North Coast Catholics welcome choice of pope
Published: Thursday, March 14, 2013 at 9:01 a.m.
Last Modified: Thursday, March 14, 2013 at 9:01 a.m.
Like Catholics all over the North Coast, students at Cardinal Newman High School near Santa Rosa eagerly awaited the announcement Wednesday of a new pope, which Principal Graham Rutherford made over the loudspeakers just before classes broke for lunch.
"I'm really excited, we'd been waiting all day," said Nate Bentham, a senior at Newman, after hearing of the selection of Cardinal Jorge Mario Bergoglio of Argentina.
"I'm excited that he's from a different part of the world, and I think his Jesuit background will bring a different perspective."
Bentham, 17, is a part of the school's senior campus ministry class. Prior to the Vatican's announcement, the class had been examining the backgrounds of some of the original front-runners. Bergoglio's name was not among them.
"I think we're all shocked, but the general feeling is really positive," said Newman senior Sinead Lafferty, an Irish-born Catholic.
The pope's choice of the name Francis, based on St. Francis of Assisi, was met with approval.
"It was the first thing that struck me," said Bishop Robert F. Vasa of the Santa Rosa Diocese. "It's a small thing, but it's symbolic of the reflection of his heart."
Rutherford said he hopes when people hear the name they won't think just of garden statues. "Francis was eloquent and his quote, 'preach the gospel to all the world and if necessary use words,' (demonstrates) this," Rutherford said. "He's one of the finest saints you could role model after."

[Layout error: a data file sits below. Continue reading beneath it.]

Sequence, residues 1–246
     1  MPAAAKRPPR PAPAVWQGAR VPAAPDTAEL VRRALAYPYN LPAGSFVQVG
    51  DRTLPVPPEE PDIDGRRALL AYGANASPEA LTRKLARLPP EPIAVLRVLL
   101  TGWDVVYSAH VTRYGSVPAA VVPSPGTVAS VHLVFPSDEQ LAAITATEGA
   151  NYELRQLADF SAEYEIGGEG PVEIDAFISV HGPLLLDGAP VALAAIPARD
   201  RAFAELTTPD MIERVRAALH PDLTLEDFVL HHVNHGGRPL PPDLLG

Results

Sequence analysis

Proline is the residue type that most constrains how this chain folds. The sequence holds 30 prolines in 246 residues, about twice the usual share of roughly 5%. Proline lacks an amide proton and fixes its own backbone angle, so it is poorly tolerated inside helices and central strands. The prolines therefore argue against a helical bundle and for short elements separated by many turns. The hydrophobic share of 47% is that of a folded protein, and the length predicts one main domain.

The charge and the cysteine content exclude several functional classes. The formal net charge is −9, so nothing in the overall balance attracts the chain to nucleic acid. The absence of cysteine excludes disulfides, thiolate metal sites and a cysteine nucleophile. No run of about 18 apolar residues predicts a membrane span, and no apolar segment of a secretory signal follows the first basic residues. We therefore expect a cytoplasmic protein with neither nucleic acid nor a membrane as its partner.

Pope Francis' status as a Jesuit priest resonated with a large number of Catholics.
"The Jesuits have a history of speaking honestly about what needs to be done," said Rutherford, who attended the Jesuit-led Santa Clara University. "They're deeply involved in education and missions."
Newman senior Matt Phelps agreed. "I'm a big fan of the Jesuits," said Phelps, 17. "The Jesuits have a lot of new ideas and I think (they) can really involve younger generations."
The pope's background as the archbishop of Buenos Aires could bring a sense of unity to the church, Rutherford said.
"It feels more inclusive to the whole world," he said.
Vasa said the pope's South American background is part of a recent trend of breaking from the mold of an "Italian paradigm," noting Pope John Paul II's Polish heritage and Pope Benedict XVI's German heritage.
Pope Francis is more of a moderate, someone who will be good for the current and future state of the church, said Lafferty, 18.
The pope's humble approach during Wednesday's ceremonies, particularly his request for the crowd to pray for him, struck a chord.
"I think it shows a balance of insight and humility," Rutherford said. "Everything isn't top down and I'm glad he could express that."
Impacts for the local church likely will be minimal, Vasa said. New papal portraits will be ordered and prayers will begin for Pope Francis.
"It's an exciting time for the church, but there's continuity in the midst of change," Vasa said.
Francis already has inspired young Catholics at Newman. "I think it's a good step in the right direction," said Newman senior Katie Walsh, 17. "It's the beginning of a new kind of era."
You can reach Staff Writer Melody Karpinski at 521-5205 or email@example.com.
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